Water Conservation vs. Efficient Water Use

We have a water problem. Too often sprinkler controllers are set and forgotten; not adjusted when the weather changes. A lot of water is beng wasted.


When the EPA says landscapes are often watered with twice the needed water, people don't believe it. Plus they fear that cutting back on water use will hurt their landsacape. I have seen just the opposite. When landscapes are watered right they are healthier. You can have efficient water use and a healthy landscape. The secret is knowing when to water, and when not too.


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How can a flow sensor help me?

Water meters are installed at most properties to enable water departments to bill you for the water you use.  Some water utilities may only read meters 6 times a year and send out bills every two months.  Customers discover weeks later how much water they used.

A flow sensor is similar to a water meter; it measures the flow of water going through the pipe and feeds the flow rate into electronic control equipment.  With a flow sensor connected to irrigation control devices water managers can track water use in real-time; not having to wait to get the water bill. 


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Don't water in the rain

Healthy Lawns start with weather - don't water in the rain with a smart sprinkler

It seems like over the last few years everyone has been talking about drought and different ways to conserve water. As a homeowner, one of your larger uses of water is on your landscape. Getting a sprinkler timer was a great start to taking control of your outdoor water consumption. But when you get a sprinkler timer, all you are doing is creating a water schedule. A specified time of the day, the numbers of days per week that you permit your sprinklers to release much needed moisture into the soil. It may be that your city puts day of the week restrictions on you, or maybe you are scheduling based upon gallons of water used. Either way, what happens when your timer decides it’s time to turn the sprinklers on and it’s raining?

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Tuna Can Lesson #5 - Professional Water Audits

This is the last tuna can article. I hope these have helped you visualize that your sprinkler system applies water in measurable amounts of water. And the more water you apply, the deeper it will soak into the ground. Using tuna cans is a good way to measure sprinkler system performance but there are advanced techniques to get this job done.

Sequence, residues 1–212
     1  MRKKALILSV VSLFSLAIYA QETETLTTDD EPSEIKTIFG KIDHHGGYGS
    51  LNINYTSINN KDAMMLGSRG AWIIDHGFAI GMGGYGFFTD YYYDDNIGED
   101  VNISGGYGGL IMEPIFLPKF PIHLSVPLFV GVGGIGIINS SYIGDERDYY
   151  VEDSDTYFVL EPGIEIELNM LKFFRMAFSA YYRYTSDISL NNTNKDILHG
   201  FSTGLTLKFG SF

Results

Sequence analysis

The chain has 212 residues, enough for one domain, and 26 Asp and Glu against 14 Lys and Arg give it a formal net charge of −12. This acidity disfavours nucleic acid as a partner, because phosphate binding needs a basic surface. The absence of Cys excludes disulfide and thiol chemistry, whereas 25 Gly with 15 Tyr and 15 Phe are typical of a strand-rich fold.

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Tuna Can Lesson #4 - Optimum Irrigation

What have we learned so far?  In the last blog I wrote about improving watering uniformity.  Don’t expect a smart control system to fix a bad sprinkler system. Tuna Can Lesson 2 reminded us that sprinklers apply water at different rates.  Valve run-time is based on how much water needs to be applied and how fast the sprinklers apply water.  I remember the very first time I setup a computer controlled irrigation system.  After a week the customer called and said, “Take it back”.  I said, “What’s wrong?”  He said, “The grass is dying and the shrubs are drowning.”  We checked it out.  The wiring was wrong.  The shrub bubblers were watering for over an hour and the big lawn sprinklers were watering for only 10 minutes.  Once we fixed it, the system ran great.

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Tuna Can Lesson #3 - Even Watering

Years ago, as a landscape contractor, I met with the irrigation Foreman at a job site.  There was a spot in the yard with dying grass.  I told him it looked like the sprinklers were not getting the area wet.  He told me to stand in the dry spot, he would turn the sprinklers on to see if I got wet.  Not the best science and a poor excuse for a problem with the sprinklers.  As you can imagine, water was shooting over the dry spot and not landing in the area with dead grass.  I should have brought my tuna cans to show him the problem.

 When you do your tuna can test you will be surprised to see the difference in the amount of water in the tuna cans when the test is over.  No, sprinklers are not perfect; they do distribute water with perfect evenness or uniformity. Good sprinklers, with the right nozzle, properly positioned will get close, but never perfect.
  There is good science and math to help you quantify distribution uniformity, but I am not going to get into that here.  When you run a tuna can test you will see which cans do not have as much water and those that may be over flowing.  At the risk of pointing out the obvious, those areas with too much water are being over watered; so water is being wasted.  But the grass probably does not look very good in the areas where tuna cans had very little water.  So what do you do about it?


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